Arriving in New Zealand 

Since 1839 and depending on whether the government was encouraging or limiting immigration, there has been a steady flow of new arrivals. Sometimes family members know the name of the ship on which your ancestors came to New Zealand. A family diary of the journey may reveal the date of arrival and the port into which they sailed. Sometimes a child born on the voyage was given the name of the ship as a first or middle name and this can be a clue to help your research. Assisted immigrants had part or all of their fare paid by provincial or national government.

The passenger lists for ships carrying assisted immigrants who arrived before 1886 are held at Archives New Zealand, Wellington and have been indexed. Newspapers may give the names, and sometimes the ages of passengers who paid their own passage. An inquiry at a local museum or library near the port of arrival may reveal a passenger list. The New Zealand Company records immigrants arriving under government assistance 1839-1850. Provincial Governments provided assisted passage throughout the period 1853-1870. Government assistance under the Vogel Scheme covered the period 1870-1888. From 1883-1973 lists of all passengers, both arriving and departing, have been kept by the Departments of Customs, Labour or Immigration. These records are held at Archives New Zealand offices. It must be noted that there is no National Index of Passengers for New Zealand.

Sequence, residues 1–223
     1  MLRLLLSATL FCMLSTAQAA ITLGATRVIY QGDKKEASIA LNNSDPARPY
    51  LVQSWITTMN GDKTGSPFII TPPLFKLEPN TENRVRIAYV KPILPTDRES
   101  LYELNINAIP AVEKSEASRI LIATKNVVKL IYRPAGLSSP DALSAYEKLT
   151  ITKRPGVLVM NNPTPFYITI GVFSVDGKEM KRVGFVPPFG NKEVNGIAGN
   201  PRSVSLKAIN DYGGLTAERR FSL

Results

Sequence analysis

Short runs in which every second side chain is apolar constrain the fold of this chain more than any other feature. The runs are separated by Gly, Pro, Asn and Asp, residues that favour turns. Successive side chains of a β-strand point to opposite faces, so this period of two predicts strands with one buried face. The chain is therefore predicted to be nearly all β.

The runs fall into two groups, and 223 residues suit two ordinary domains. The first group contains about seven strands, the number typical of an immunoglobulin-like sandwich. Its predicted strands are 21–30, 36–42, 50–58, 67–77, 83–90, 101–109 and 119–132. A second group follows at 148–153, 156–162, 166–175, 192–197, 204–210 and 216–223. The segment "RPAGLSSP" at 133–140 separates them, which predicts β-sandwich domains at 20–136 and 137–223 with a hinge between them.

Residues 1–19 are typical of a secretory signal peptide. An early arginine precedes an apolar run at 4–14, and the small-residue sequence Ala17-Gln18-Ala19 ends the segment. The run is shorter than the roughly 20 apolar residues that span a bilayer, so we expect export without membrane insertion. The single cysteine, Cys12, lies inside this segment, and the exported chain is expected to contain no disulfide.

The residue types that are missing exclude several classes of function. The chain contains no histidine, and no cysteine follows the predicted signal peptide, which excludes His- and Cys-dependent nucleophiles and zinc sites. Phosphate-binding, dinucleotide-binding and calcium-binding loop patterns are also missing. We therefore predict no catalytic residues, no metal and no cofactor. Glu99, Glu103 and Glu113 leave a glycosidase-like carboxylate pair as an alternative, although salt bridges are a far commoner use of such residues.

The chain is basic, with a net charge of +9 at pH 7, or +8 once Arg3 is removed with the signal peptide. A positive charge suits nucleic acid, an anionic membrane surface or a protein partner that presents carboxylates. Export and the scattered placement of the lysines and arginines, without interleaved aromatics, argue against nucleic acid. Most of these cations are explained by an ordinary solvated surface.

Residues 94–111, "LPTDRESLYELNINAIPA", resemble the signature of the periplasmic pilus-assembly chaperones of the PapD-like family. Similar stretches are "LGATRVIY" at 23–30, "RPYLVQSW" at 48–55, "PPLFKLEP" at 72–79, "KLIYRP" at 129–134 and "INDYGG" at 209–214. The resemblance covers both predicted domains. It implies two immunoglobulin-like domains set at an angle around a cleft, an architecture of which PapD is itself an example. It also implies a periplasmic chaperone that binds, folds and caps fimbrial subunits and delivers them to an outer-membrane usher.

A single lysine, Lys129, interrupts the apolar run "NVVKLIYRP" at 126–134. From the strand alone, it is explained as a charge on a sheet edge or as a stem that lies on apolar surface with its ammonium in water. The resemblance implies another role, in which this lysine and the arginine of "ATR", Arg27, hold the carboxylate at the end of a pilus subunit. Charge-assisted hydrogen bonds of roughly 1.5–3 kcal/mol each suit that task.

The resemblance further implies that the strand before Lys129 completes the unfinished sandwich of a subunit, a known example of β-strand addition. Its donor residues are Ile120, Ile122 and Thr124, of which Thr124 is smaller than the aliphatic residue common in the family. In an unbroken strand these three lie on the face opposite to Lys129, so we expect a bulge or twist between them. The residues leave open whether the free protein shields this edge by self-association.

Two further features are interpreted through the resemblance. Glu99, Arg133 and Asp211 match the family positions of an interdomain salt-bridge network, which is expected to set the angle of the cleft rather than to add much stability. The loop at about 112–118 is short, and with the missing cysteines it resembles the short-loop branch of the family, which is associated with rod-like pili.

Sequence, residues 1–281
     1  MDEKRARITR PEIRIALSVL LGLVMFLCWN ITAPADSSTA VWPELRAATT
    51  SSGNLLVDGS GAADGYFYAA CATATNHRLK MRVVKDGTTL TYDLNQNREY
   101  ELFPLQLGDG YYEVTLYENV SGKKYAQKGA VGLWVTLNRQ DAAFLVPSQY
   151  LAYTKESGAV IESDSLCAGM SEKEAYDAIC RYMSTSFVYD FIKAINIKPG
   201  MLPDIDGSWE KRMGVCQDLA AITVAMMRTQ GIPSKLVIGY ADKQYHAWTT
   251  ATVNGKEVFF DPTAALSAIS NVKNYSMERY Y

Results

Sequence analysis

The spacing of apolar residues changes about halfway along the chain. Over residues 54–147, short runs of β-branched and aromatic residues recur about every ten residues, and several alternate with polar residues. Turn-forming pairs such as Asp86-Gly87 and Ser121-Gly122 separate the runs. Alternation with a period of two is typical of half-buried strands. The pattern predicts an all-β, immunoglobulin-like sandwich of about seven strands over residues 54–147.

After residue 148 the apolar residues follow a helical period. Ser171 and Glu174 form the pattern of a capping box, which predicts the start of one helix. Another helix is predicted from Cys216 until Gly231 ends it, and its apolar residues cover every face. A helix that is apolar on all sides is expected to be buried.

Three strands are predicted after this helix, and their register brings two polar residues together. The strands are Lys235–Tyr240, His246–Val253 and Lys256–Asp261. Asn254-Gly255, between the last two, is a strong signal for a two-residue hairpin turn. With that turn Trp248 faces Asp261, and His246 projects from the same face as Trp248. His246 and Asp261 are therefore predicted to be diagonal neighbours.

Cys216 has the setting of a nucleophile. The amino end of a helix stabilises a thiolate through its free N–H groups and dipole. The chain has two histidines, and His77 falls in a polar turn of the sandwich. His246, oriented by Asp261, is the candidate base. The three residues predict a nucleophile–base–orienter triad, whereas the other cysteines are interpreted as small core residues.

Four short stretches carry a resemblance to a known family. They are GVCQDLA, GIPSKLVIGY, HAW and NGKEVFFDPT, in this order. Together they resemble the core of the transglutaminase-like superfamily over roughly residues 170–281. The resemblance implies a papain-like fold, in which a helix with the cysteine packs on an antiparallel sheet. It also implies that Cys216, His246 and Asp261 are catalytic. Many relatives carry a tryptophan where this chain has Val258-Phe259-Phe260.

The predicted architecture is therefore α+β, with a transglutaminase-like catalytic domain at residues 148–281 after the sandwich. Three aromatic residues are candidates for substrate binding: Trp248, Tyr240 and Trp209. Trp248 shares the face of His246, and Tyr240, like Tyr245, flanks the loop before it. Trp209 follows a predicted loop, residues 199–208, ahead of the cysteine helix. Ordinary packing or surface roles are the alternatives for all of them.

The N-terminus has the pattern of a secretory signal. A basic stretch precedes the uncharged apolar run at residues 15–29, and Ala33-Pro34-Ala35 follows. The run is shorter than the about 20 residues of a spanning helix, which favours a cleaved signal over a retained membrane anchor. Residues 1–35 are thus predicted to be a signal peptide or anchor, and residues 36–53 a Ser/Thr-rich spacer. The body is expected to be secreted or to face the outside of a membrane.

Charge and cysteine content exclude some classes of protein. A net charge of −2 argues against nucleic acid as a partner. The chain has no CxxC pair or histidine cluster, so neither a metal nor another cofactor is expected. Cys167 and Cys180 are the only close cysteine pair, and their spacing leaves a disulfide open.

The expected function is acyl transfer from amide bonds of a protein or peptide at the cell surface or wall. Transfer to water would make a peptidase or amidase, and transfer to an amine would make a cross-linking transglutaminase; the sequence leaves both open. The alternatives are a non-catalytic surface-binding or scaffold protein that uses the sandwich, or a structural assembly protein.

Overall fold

If an ancestor was not born or naturalised in a British Commonwealth country before emigrating to New Zealand, Archives New Zealand may have records containing their place of birth and date of arrival. These records generally comprise those covering naturalisation procedures 1847-1948 and the control of aliens 1866-1970.